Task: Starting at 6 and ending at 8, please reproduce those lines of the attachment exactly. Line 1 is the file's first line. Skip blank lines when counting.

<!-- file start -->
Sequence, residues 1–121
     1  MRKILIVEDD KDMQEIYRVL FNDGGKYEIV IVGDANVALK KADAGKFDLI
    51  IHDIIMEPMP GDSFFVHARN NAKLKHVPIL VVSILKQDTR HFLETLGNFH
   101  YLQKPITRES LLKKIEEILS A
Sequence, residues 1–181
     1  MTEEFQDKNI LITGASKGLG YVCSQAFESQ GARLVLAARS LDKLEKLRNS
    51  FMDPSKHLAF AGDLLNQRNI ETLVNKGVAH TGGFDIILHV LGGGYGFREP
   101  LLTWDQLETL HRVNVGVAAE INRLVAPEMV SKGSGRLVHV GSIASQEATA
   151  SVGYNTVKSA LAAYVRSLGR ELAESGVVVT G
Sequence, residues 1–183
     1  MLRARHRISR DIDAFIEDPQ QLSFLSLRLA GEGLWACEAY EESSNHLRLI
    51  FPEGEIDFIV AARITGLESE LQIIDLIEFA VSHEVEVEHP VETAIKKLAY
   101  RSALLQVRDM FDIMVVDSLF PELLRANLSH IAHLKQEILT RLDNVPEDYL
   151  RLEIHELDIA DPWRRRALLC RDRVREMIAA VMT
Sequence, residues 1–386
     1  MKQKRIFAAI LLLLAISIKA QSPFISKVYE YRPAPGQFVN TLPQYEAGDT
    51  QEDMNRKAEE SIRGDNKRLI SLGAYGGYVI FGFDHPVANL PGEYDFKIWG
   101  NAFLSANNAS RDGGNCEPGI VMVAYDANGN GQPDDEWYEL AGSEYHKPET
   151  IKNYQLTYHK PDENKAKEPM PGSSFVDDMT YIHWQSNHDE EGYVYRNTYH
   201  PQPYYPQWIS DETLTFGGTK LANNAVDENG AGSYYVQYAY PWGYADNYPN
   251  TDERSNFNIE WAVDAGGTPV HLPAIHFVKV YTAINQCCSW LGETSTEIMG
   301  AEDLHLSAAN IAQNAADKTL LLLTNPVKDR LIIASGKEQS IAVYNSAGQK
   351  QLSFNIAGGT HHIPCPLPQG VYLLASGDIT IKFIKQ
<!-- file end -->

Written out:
     1  MTEEFQDKNI LITGASKGLG YVCSQAFESQ GARLVLAARS LDKLEKLRNS
    51  FMDPSKHLAF AGDLLNQRNI ETLVNKGVAH TGGFDIILHV LGGGYGFREP
   101  LLTWDQLETL HRVNVGVAAE INRLVAPEMV SKGSGRLVHV GSIASQEATA